In the example above, we also provided the argument
get_clean_factor. Alphalens tearsheets include quantile analysis and
get_clean_factor adds the additional quantile data to
al_data before we create the tearsheet.
Once your data is formatted for use in Alphalens, you can get key metrics about your factor using the functions in
alphalens.performance functions provide specific, standalone plots and tables, while the
alphalens.tears functions provide "tearsheets" that output many plots and tables to provide a comprehensive analysis of your alpha factor.
The most commonly-used function is the
create_full_tear_sheet() function, which runs a full tearsheet including plots of mean returns, turnover, information coefficient, and more.
Tips & Tricks¶
When comparing mean period wise returns for the same factor across different tearsheets, you will need to consider the periods you are comparing. This is because mean period wise returns are not simply excess returns. Rather, mean period wise returns reflects the rate of returns -- returns adjusted as if they had grown linearly over time. When computing the rate of return, Alphalens uses the shortest period length as the base time. As such, the mean period wise returns data will vary based on the periods selected.
For example, say you are running two full tearsheets for the same set of alpha factor values. For tearsheet A, you get forward returns data with
periods=(1, 5, 10). For tearsheet B, you get forward returns data with
periods=(10, 20, 30). The mean period wise returns charts/plots for the 10D period will not be the same across these two tearsheets. This is because in tearsheet A, the mean period wise returns are being normalized to daily returns (period=1D) whereas in tearsheet B, the returns are being normalized to 10-day returns (period=10D). The underlying data is the same, but the units plotted on the Y axis are different between tearsheets A and B.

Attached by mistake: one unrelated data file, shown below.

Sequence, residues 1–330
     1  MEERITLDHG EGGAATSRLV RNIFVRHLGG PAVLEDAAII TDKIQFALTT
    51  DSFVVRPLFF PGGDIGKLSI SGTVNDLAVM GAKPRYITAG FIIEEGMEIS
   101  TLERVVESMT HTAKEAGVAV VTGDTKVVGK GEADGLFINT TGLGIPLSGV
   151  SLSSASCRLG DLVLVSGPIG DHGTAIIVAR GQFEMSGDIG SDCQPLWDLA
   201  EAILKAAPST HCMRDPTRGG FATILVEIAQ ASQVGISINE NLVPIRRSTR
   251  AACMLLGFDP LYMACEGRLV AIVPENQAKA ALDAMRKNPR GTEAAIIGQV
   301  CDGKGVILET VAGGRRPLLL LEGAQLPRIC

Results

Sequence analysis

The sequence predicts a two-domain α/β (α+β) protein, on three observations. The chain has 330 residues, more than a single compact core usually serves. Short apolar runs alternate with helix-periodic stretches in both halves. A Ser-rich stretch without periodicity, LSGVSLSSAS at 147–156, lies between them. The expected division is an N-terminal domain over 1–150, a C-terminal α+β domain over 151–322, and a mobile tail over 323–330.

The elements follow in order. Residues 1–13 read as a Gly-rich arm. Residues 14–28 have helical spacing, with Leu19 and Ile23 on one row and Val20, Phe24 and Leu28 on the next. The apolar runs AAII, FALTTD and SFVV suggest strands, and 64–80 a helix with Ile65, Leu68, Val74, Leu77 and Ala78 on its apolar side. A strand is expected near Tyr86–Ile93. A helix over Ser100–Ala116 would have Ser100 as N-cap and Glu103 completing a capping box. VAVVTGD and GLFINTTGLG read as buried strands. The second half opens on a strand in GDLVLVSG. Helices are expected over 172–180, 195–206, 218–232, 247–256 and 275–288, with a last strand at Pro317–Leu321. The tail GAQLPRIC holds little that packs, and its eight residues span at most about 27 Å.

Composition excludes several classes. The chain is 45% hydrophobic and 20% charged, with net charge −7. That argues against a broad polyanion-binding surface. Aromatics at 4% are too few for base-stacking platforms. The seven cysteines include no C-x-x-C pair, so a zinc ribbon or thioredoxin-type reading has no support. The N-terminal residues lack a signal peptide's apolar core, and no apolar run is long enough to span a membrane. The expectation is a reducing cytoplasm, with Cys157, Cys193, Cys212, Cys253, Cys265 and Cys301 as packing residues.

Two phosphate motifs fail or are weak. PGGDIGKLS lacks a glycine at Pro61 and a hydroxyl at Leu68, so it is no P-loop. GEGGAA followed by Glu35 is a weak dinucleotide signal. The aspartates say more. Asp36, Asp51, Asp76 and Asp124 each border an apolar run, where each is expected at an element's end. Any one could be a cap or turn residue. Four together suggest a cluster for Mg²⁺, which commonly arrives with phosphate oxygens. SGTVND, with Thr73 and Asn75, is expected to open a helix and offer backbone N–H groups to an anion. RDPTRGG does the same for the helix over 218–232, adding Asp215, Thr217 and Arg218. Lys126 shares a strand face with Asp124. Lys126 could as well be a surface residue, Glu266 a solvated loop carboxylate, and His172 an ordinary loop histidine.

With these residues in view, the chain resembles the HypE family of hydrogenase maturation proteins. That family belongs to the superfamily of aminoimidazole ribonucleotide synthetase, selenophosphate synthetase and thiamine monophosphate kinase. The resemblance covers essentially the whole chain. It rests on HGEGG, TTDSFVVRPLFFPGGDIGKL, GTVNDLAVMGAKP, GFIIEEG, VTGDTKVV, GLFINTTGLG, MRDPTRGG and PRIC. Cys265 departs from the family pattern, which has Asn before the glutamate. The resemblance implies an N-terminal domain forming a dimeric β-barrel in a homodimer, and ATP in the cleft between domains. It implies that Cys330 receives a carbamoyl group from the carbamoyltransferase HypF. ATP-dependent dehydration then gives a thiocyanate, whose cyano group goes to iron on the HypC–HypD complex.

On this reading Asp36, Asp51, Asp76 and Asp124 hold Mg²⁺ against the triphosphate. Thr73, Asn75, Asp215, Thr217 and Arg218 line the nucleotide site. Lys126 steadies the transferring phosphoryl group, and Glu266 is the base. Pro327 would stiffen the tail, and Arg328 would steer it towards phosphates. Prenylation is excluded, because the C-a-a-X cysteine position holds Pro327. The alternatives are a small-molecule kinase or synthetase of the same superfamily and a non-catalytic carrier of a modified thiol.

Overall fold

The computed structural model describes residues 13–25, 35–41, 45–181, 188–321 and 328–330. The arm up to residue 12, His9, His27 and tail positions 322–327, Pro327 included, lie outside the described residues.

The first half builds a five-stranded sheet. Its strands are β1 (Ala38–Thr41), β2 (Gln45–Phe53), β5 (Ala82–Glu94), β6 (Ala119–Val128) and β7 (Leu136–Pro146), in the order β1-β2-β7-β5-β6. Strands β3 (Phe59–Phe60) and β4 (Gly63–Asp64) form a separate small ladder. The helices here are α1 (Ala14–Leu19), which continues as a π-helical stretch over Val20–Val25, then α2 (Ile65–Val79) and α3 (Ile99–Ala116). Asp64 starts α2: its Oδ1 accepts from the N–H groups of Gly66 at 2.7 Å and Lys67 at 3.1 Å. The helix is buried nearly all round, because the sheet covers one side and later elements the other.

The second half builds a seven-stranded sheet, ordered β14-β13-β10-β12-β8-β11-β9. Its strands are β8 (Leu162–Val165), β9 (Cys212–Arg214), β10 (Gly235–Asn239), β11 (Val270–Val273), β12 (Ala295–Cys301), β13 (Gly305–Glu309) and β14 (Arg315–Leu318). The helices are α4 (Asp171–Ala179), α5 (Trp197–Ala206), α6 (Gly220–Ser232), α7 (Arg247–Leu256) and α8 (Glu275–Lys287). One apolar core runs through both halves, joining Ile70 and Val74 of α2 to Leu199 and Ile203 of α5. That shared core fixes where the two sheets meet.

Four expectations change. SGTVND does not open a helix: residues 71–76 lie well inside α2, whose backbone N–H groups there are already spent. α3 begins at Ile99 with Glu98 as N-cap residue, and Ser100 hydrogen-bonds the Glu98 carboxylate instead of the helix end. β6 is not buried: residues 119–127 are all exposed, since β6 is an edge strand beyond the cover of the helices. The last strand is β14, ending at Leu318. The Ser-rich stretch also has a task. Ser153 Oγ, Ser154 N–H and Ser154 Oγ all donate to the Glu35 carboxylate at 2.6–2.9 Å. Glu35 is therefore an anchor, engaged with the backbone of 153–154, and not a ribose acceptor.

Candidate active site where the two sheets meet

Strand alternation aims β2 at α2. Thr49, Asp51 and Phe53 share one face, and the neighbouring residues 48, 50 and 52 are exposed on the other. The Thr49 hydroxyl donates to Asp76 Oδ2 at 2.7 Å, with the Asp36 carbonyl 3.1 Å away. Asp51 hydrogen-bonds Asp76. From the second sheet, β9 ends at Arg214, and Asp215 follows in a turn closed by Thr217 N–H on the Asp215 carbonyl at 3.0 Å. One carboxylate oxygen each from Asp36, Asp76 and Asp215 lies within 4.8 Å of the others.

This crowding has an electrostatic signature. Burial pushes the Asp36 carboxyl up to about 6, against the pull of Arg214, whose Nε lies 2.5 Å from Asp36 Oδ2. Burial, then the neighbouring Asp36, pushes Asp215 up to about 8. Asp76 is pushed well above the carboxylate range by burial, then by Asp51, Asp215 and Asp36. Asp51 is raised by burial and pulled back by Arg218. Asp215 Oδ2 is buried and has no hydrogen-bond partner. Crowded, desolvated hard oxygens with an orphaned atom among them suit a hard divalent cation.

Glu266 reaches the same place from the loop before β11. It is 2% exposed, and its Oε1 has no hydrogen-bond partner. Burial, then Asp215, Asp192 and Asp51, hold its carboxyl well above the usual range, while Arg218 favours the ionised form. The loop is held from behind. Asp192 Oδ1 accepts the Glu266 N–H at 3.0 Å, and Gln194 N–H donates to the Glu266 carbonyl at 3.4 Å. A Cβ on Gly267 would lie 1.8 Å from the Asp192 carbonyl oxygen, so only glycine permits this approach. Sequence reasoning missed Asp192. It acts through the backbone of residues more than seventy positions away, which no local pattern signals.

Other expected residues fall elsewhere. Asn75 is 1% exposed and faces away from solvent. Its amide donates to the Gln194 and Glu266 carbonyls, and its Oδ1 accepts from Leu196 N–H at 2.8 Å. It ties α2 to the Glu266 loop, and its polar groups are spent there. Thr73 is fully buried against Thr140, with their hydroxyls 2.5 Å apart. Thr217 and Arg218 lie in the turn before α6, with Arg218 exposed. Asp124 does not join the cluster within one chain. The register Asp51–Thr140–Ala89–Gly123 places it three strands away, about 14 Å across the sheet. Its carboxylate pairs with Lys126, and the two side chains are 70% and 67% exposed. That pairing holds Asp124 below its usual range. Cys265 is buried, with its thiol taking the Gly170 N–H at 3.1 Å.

Why does Alphalens use the rate of returns? Returns compound over time, so it is important to normalize all of the different periods provided to a single tearsheet to a single unit rate of returns. This is why many backtests are expressed in units of "annualized returns", even if a simulation is run for multiple years. Most people want to know the rate at which a strategy produces returns, not just the total return amount.
Dropped 1.6% entries from factor data: 1.6% in forward returns computation and 0.0% in binning phase (set max_loss=0 to see potentially suppressed Exceptions).
If the total percentage of entries dropped exceeds the
max_loss parameter value (by default 35%), you will receive a fatal
In order to avoid this error, make sure that you are not providing
inf values as input to your tearsheet and make sure that your choice of quantiles or bins when calling
get_clean_factor() is appropriate. In most cases, if a high percentage of enries are dropped during the binning phase, it means that the choice of quantiles or bins doesn't suit the distribution of the factor data. For example, if you have
quantiles = 3 for data that is 50% zeros, your binning loss will be extremely high. To reduce the number of dropped entries in this stage, try reducing the number of bins/quantiles or increasing the granularity of your data.
While preparing your data for Alphalens, you might see an error message like this:
ValueError: Wrong number of items passed 2, placement implies 1